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Rebell Addresses Incoming TC Peace Corps Fellows

Rebell told the group that the talk gave him "a nostalgic opportunity to reflect back on his own Peace Corps experience when he served in Sierra Leone, West Africa doing rural community development work." Rebell impressed upon the new Fellows how his own "deep-routed Peace Corps experience gave me the motivation and persistence to continue to work on educational equity issues all these years." "I challenged them to do the same," he said.

On May 24, 2006, Michael A. Rebell, Executive Director of The Campaign for Educational Equity spoke to the incoming group of Teachers College Peace Corp Fellows at their orientation meeting.

The TC Peace Corps Fellows Program (www.tc.edu/pcfellows) trains returned Peace Corps volunteers to address educational equity by making long-term professional commitments to teach in New York City's Public schools.

Rebell told the group that the talk gave him "a nostalgic opportunity to reflect back on his own Peace Corps experience when he served in Sierra Leone, West Africa doing rural community development work."  Rebell impressed upon the new Fellows how his own "deep-routed Peace Corps experience gave me the motivation and persistence to continue to work on educational equity issues all these years."  "I challenged them to do the same," he said.

Executive Director Rebell spoke about the current state of educational equity in the United States -- 50 years after the decision in Brown v. Board of Education.  While he was candid about the dismal educational circumstances that many students today still face today, he spoke about the promise of the education adequacy movement that he has championed. The education adequacy movement is a rapidly growing, highly successful legal strategy to school finance reform aimed at redressing the inequitable distribution of educational resources and opportunities that has continued even after the Brown v. Board of Education decision.  This successful legal strategy allows courts to focus on the concrete issues of what resources are needed to provide the opportunity for an adequate education for all students in light of new challenging state standards all students are expected to achieve. Using this legal theory, since 1989, lawyers have argued that all students are entitled, under their state constitutions, to an adequate or basic, quality education, that prepares them to meet challenging new state learning standards.  As a result, plaintiffs have prevailed in 21 of 28 (75%) cases during this period.  

Rebell congratulated TC Peace Corps Fellows for their participation in this program and encouraged them in their chosen field of teaching: "quality teaching will make a difference in the lives of the students in your classrooms and, in turn, on the larger society."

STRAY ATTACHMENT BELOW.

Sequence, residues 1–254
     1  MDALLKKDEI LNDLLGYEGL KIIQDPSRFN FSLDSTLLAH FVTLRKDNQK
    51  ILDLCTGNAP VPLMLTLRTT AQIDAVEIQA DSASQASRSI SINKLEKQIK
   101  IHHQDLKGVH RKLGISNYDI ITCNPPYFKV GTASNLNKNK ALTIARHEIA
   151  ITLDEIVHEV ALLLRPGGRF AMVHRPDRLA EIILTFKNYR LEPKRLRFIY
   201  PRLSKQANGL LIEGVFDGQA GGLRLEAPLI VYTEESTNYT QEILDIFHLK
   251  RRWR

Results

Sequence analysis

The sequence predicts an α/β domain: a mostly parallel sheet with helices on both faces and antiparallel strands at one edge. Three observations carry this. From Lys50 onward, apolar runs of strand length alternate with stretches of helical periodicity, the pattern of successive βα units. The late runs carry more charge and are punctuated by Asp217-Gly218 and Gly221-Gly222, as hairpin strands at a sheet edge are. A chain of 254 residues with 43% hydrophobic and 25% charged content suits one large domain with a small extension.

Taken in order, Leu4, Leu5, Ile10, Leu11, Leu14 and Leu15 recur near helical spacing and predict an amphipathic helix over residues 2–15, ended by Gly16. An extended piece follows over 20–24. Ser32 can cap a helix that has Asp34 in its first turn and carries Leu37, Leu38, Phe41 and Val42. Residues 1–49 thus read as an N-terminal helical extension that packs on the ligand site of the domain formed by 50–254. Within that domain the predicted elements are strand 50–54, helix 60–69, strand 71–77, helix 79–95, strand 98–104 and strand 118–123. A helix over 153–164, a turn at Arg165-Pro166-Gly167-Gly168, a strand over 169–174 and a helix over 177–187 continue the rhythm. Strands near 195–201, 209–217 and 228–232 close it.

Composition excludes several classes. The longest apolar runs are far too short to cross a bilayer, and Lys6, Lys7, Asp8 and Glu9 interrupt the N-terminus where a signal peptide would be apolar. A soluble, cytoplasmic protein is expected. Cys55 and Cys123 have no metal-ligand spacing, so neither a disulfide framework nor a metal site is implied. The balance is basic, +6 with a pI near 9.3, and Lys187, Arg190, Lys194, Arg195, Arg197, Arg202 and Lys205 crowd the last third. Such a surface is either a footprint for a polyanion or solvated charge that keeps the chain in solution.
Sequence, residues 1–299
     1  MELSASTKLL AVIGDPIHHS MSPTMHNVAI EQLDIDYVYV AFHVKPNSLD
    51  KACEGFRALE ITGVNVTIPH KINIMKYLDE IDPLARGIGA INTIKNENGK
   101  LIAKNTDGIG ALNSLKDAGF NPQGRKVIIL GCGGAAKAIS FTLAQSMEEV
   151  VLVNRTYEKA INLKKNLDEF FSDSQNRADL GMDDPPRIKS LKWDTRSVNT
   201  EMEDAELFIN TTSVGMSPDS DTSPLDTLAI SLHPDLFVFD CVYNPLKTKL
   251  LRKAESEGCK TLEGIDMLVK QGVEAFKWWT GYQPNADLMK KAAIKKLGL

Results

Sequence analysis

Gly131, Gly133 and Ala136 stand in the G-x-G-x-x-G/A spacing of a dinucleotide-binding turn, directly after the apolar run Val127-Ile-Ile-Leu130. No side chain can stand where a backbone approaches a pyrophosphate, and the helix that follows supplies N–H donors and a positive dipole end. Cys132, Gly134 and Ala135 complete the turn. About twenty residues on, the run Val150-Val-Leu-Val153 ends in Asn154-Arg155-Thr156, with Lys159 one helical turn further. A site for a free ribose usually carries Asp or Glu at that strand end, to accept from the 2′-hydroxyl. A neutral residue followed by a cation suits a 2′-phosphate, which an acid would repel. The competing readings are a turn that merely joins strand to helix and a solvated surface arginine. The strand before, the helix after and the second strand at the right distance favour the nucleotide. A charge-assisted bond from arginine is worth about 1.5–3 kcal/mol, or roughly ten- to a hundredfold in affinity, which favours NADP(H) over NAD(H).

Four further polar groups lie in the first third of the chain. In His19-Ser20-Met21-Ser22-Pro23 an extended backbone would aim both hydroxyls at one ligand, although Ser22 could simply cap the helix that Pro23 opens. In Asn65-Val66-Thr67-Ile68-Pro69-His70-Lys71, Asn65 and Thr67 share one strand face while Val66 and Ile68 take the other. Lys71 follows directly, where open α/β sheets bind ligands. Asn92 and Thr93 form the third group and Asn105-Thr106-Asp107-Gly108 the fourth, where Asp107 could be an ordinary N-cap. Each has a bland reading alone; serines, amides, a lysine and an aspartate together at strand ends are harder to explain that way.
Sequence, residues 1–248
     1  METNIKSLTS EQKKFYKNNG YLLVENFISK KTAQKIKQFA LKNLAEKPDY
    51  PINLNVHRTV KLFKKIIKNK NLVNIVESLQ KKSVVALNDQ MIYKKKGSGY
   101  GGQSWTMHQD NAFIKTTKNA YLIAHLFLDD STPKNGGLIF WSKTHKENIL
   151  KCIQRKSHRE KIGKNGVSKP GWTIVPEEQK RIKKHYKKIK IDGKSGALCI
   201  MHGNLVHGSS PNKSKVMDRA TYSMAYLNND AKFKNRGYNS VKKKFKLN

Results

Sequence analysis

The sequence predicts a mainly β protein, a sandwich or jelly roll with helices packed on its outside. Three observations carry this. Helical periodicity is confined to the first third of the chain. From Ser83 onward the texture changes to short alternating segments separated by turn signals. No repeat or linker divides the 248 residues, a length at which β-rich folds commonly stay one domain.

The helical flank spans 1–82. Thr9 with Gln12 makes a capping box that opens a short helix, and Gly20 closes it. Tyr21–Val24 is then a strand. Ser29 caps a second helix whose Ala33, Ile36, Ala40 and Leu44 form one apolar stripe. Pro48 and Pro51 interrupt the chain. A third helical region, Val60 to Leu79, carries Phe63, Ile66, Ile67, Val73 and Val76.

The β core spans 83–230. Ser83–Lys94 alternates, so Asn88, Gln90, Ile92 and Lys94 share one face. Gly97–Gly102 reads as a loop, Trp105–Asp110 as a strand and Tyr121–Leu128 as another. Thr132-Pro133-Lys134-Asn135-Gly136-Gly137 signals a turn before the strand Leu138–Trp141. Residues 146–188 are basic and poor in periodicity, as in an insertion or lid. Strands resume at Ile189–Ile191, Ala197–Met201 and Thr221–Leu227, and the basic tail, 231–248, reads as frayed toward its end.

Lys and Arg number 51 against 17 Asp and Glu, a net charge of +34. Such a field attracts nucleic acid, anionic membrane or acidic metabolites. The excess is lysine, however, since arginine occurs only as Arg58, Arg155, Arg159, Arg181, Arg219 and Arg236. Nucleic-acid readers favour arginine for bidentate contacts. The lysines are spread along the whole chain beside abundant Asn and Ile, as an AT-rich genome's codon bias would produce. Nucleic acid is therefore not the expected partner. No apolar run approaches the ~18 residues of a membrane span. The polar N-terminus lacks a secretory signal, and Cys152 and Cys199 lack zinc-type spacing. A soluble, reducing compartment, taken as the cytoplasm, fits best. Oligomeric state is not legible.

Published Wednesday, Jun. 7, 2006

Rebell Addresses Incoming TC Peace Corps Fellows

On May 24, 2006, Michael A. Rebell, Executive Director of The Campaign for Educational Equity spoke to the incoming group of Teachers College Peace Corp Fellows at their orientation meeting.

The TC Peace Corps Fellows Program (www.tc.edu/pcfellows) trains returned Peace Corps volunteers to address educational equity by making long-term professional commitments to teach in New York City's Public schools.

Rebell told the group that the talk gave him "a nostalgic opportunity to reflect back on his own Peace Corps experience when he served in Sierra Leone, West Africa doing rural community development work."  Rebell impressed upon the new Fellows how his own "deep-routed Peace Corps experience gave me the motivation and persistence to continue to work on educational equity issues all these years."  "I challenged them to do the same," he said.

Executive Director Rebell spoke about the current state of educational equity in the United States -- 50 years after the decision in Brown v. Board of Education.  While he was candid about the dismal educational circumstances that many students today still face today, he spoke about the promise of the education adequacy movement that he has championed. The education adequacy movement is a rapidly growing, highly successful legal strategy to school finance reform aimed at redressing the inequitable distribution of educational resources and opportunities that has continued even after the Brown v. Board of Education decision.  This successful legal strategy allows courts to focus on the concrete issues of what resources are needed to provide the opportunity for an adequate education for all students in light of new challenging state standards all students are expected to achieve. Using this legal theory, since 1989, lawyers have argued that all students are entitled, under their state constitutions, to an adequate or basic, quality education, that prepares them to meet challenging new state learning standards.  As a result, plaintiffs have prevailed in 21 of 28 (75%) cases during this period.  

Rebell congratulated TC Peace Corps Fellows for their participation in this program and encouraged them in their chosen field of teaching: "quality teaching will make a difference in the lives of the students in your classrooms and, in turn, on the larger society." 

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